Your Life Is the Lab: Toxic Chemicals in 5 Unexpected Places

Apr 15, 2014 by

2014-03-26-IMG_8033.jpgWhen your child has a chronic health condition that threatens his life and well-being, you gain a sharp perspective on what’s important in life. You live fully, deeply, in the moment. You understand that there’s nothing more important than the health of your family. You would go to great lengths to protect your family’s health and would do anything to save your child from hurting.

Some threats to our family’s health are obvious, like drugs and alcohol, poor diets and inactivity and risky behaviors. Most of us can appreciate the obvious risks posed by pesticides, harsh cleansers, and poor air or water quality. But, there are thousands of toxic chemicals that can threaten our health every day that we can’t see or smell and that we are exposed to without our consent or knowledge. Often, we are led to believe these exposures are safe and benign.

Chemicals like heavy metals (lead, mercury, and arsenic), plasticizers, toxic flame retardants, and formaldehyde are found in everyday products throughout our home, schools, and workplaces. Our furniture, home improvement items, children’s products, and cosmetics often contain chemicals linked to neuro-developmental disorders, endocrine disruption and cancer.

These hidden chemicals are anything but benign.

2014-03-26-JennandNoahProceddure2.jpgThe Human Experiment,” a documentary film executive produced and narrated by Sean Penn, features my family’s health struggles. The film delves into the toxic chemicals in everyday products and their link to common health conditions like infertility, cancer, developmental disorders and adverse pregnancy outcomes.

“The Human Experiment” teamed up with clinicians, scientists and environmental health experts with the hope of bringing this obscure issue into mainstream conversations. And it’s working. “The Human Experiment” is screening in film festivals around the world, igniting activism and giving hope to families concerned about the health impacts of toxic chemicals. Check out the trailer and stay connected to learn when the film is coming to your hometown.

Now, let’s get to The Lab… also known as your life. As we interact with the materials and products that fill our lives, we become subjects in an uncontrolled experiment. Let’s investigate those five unexpected places laden with toxic chemicals.

2014-03-26-DSC_3542.JPGToxic flame retardants are often added to our furniture and electronics. Overtime, these chemicals leach out from our products and become airborne or collect in dust. The dust that now contains toxic chemicals often collects on our floors and coffee tables, and becomes especially problematic for young children who hang out on the floor and put everything into their mouths.

• Use a wet rag to prevent dust build up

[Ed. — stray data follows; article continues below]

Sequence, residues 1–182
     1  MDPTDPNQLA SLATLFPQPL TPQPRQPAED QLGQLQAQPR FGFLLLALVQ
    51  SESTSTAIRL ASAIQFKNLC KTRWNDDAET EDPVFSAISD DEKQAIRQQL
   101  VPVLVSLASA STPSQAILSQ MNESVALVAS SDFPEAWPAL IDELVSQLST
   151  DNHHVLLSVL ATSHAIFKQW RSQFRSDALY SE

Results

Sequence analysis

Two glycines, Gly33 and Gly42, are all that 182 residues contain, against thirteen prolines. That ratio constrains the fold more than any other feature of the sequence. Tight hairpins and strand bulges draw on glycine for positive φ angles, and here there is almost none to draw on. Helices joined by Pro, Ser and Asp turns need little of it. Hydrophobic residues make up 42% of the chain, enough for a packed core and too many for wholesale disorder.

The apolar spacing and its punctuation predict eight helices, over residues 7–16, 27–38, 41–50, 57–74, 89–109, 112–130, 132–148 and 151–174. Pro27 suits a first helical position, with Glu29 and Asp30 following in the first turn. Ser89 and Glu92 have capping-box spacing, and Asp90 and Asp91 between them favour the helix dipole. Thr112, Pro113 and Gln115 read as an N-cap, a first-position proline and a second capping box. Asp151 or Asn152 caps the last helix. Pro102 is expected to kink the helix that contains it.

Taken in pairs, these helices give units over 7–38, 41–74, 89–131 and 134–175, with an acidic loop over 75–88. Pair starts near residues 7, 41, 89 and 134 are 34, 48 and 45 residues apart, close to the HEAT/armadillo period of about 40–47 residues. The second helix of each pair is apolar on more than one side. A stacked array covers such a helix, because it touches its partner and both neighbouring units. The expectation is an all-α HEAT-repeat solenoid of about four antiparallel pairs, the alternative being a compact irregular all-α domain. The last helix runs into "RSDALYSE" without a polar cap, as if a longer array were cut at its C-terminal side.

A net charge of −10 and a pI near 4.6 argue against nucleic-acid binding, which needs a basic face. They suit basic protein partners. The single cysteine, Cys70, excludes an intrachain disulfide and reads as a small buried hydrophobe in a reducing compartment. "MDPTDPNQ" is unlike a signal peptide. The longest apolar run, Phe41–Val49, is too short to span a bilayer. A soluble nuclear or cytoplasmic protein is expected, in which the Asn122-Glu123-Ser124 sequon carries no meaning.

• Vacuum regularly
• Support companies that don’t use toxic chemicals in their products
• Learn more:

Personal Care Products
The products that we use on our bodies are often loaded with concerning chemicals. Heavy metals, formaldehyde, phthalates and synthetic fragrances are just some of the common chemicals in personal care products. Some manufacturers even add synthetic fragrances (listed as “fragrance” or “parum”) to baby diapers, feminine care products and toothpastes!

• Ditch all forms of synthetic fragrances
• Rely on non-toxic, biodegradable products
• Use less stuff on your body and in your home
• Learn more:

Food Packaging and Cookware
Styrofoam and certain types of plastic containers, non-stick cookware and canned foods all rely on chemicals with the potential to disrupt health. 2014-03-26-DSC_7177.jpgSome critics say that the levels of exposure to harmful chemicals from our food packaging and cookware are too low to cause concern. Yet, this “low dose” argument falls flat when we consider that we are exposed to many toxic chemicals from many products every day. Some of us are more vulnerable to the effects of these chemicals, including developing babies, particularly during critical times of development.

• Ditch plastic whenever possible
• Rely on cast iron, stainless steel, glass and wood in the kitchen
• Eat whole, unprocessed foods as often as possible
• Learn more:

Medical Equipment
2014-03-26-IMG_1651.jpgI have a deep understanding of and appreciation for the life-saving powers of medical equipment. Less toxic options are desperately needed, especially for our pediatric patients. Carcinogens and endocrine disruptors have no place in devices intended for healing. It’s challenging to nurture our bodies back to health when we rely on products made with toxic chemicals, including polyvinyl chloride and phthalates.

• Hospital patients, especially infants, young children and women of child-bearing age, should ask for PVC-free and DEHP-free alternatives to medical equipment, like IV bags and tubing. These alternatives are not available in every hospital, but it’s always beneficial to ask.
• Medical equipment is often urgently and critically needed. The benefits of necessary life-saving medical equipment far outweigh the risks of exposure to chemicals of concern from these products.
• Learn more:

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